You bought a house that has an irrigation well on the property that is connected to the landscape irrigation system, but you also have a city water connection for your drinking water. You are very happy because you are going to save money on your water bill! In case the well pump stops working, your landscape irrigation system is also connected to your home’s water supply system. When there are connections between a drinking (potable) water system and any other water source or system, this is called a cross-connection.
One day, your neighbor fills a glass of water from the tap and notices the water is cloudy and has a metallic taste. What could this be from? Well, it is possible that a decrease in the public water system pressure caused water from your well to be pumped back into the public drinking water system. This is called backflow, or the undesirable reversal of flow of water or other substances back into the drinking water supply. When this occurs, the water pressure may be greater from your alternate water source than the pressure from the public water supply. If there are any cross-connections, pollutants and contaminants may be introduced into the drinking water supply lines, and then carried into the public water system, and therefore to other customers on the public water system. In 2011, a backflow event took place in Redwood City, affecting several hundred customers under just such an irrigation well scenario.
Environmental Health takes cross-connections and backflows very seriously, as potential for contamination of the water supply could affect thousands of people. Through the Cross-Connection Control Program, Environmental Health and/or your water agency inspects all properties that have alternative sources of water to assure installation of a plumbing fixture called a Backflow Prevention Assembly (BPA). BPA’s prevent non-potable water (such as landscape irrigation, fire sprinkler systems, boiler systems or alternate water supplies like water wells and tanks) from flowing back into the drinking water supply. BPAs may be required to be installed at the water service meter(s) and/or inside a building to isolate equipment that may subject the water system to contamination. Your water company is required by the State Drinking Water Division (State Water Resources Control Board) to prevent backflow incidents to the public drinking water supply. To ensure cross-connections to the public drinking water system are minimized, your water agency is responsible for ensuring an effective Cross-Connection Control Program. Many water agencies in San Mateo County contract with Environmental Health to make sure they are in compliance with the law.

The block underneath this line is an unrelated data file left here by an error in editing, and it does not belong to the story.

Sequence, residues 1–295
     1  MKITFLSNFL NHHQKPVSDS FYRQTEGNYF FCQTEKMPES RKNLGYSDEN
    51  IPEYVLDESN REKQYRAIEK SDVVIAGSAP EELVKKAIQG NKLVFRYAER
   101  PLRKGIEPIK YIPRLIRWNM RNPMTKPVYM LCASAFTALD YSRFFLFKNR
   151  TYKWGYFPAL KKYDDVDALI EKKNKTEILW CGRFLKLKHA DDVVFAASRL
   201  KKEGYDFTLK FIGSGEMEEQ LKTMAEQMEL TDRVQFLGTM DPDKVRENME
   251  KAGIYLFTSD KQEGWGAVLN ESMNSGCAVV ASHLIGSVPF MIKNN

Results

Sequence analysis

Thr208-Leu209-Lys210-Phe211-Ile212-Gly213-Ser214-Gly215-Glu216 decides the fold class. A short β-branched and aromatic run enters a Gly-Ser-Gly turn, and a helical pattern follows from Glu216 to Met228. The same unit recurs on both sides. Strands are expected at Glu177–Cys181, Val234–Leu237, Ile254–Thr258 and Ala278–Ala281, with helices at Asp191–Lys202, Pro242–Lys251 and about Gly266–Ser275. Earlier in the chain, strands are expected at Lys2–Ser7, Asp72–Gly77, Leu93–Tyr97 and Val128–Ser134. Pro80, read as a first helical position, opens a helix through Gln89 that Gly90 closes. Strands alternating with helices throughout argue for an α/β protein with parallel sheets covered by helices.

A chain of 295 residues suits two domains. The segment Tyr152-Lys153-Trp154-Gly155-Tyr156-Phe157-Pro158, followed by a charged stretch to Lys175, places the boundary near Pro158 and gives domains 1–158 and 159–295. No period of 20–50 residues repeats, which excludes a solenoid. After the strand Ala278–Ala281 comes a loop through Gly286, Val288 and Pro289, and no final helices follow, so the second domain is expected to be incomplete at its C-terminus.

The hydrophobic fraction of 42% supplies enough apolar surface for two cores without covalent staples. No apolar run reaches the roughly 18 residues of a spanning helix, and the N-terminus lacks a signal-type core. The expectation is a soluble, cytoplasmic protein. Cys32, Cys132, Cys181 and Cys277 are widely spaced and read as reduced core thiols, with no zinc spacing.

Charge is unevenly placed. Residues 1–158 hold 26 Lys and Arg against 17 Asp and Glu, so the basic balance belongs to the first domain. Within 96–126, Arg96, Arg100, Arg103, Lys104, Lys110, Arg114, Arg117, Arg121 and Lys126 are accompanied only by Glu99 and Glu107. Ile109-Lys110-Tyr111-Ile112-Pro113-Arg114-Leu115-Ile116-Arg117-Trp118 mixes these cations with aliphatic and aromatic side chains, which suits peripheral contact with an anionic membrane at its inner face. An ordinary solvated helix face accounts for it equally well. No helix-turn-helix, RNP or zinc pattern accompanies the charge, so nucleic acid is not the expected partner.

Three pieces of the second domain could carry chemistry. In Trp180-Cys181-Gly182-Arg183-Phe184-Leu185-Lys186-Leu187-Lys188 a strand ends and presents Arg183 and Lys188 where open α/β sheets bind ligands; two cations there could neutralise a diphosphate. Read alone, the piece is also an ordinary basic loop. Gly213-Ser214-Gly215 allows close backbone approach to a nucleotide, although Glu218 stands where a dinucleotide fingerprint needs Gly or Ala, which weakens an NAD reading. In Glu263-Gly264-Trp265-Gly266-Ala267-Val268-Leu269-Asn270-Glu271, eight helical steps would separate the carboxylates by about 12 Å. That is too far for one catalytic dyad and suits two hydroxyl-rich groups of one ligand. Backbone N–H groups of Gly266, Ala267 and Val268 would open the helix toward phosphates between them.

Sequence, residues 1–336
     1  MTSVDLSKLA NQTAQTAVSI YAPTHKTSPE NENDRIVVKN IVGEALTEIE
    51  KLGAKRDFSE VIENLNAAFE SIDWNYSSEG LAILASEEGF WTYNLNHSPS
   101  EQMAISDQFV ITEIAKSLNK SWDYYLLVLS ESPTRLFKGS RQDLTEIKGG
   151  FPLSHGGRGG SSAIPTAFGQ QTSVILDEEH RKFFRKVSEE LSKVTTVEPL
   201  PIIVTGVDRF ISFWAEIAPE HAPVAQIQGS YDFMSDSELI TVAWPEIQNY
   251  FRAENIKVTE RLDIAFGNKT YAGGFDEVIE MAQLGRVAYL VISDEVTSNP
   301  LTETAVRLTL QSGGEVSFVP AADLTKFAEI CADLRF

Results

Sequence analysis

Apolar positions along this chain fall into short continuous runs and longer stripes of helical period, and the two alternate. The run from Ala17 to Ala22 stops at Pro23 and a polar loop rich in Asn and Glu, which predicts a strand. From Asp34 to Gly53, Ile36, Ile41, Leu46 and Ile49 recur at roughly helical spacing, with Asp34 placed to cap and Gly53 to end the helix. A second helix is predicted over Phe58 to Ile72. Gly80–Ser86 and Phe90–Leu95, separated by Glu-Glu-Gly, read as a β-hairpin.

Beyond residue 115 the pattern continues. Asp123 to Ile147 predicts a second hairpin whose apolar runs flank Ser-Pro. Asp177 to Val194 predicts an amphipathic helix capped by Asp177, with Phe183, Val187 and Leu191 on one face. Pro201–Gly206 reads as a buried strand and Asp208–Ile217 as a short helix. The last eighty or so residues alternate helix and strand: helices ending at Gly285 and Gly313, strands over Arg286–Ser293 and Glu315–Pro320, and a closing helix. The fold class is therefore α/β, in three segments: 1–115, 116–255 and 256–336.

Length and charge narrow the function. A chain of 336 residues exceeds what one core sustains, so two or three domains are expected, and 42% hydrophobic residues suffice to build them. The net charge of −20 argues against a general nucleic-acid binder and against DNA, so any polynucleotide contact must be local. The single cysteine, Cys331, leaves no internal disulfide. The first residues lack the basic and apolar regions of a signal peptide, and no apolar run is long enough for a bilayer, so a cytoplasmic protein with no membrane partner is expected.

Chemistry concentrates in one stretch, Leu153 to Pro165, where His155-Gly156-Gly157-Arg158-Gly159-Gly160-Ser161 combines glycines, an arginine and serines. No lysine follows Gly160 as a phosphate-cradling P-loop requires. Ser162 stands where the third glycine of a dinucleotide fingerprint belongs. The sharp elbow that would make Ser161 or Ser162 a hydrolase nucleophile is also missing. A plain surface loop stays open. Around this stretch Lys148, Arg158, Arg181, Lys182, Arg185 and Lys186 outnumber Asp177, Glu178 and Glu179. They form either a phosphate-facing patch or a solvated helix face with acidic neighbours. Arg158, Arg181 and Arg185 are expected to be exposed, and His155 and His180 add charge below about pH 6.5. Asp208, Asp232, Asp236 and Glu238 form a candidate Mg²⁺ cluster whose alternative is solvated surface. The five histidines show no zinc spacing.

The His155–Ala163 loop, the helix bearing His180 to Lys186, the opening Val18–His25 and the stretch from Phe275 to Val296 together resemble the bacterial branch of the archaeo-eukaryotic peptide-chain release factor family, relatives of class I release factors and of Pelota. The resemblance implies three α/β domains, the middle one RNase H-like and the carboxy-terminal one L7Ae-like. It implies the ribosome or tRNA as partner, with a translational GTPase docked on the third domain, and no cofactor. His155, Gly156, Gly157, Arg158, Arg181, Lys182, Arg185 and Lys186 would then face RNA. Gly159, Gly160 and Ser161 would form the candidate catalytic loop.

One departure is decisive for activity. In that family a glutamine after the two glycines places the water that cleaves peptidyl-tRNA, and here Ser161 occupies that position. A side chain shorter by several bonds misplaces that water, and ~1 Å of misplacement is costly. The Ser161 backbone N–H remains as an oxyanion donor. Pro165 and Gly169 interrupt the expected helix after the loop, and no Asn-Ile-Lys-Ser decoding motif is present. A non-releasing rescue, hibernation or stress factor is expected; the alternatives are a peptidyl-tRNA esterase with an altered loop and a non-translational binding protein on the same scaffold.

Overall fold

BPAs need to be tested upon installation and annually thereafter by a County-certified Backflow Prevention Assembly Tester. San Mateo County mails out test-notice reminders to BPA owners throughout the year. If the assembly passes the annual field test, the tester will hang a numbered backflow tag from the assembly and submit the test results to San Mateo County. Failure to test BPAs annually may result in enforcement actions by San Mateo County and the Water Purveyor.
For more information about the San Mateo County Cross-Connection Control Program, please call (650) 372-6200 or visit http://smchealth.org/crossconnection.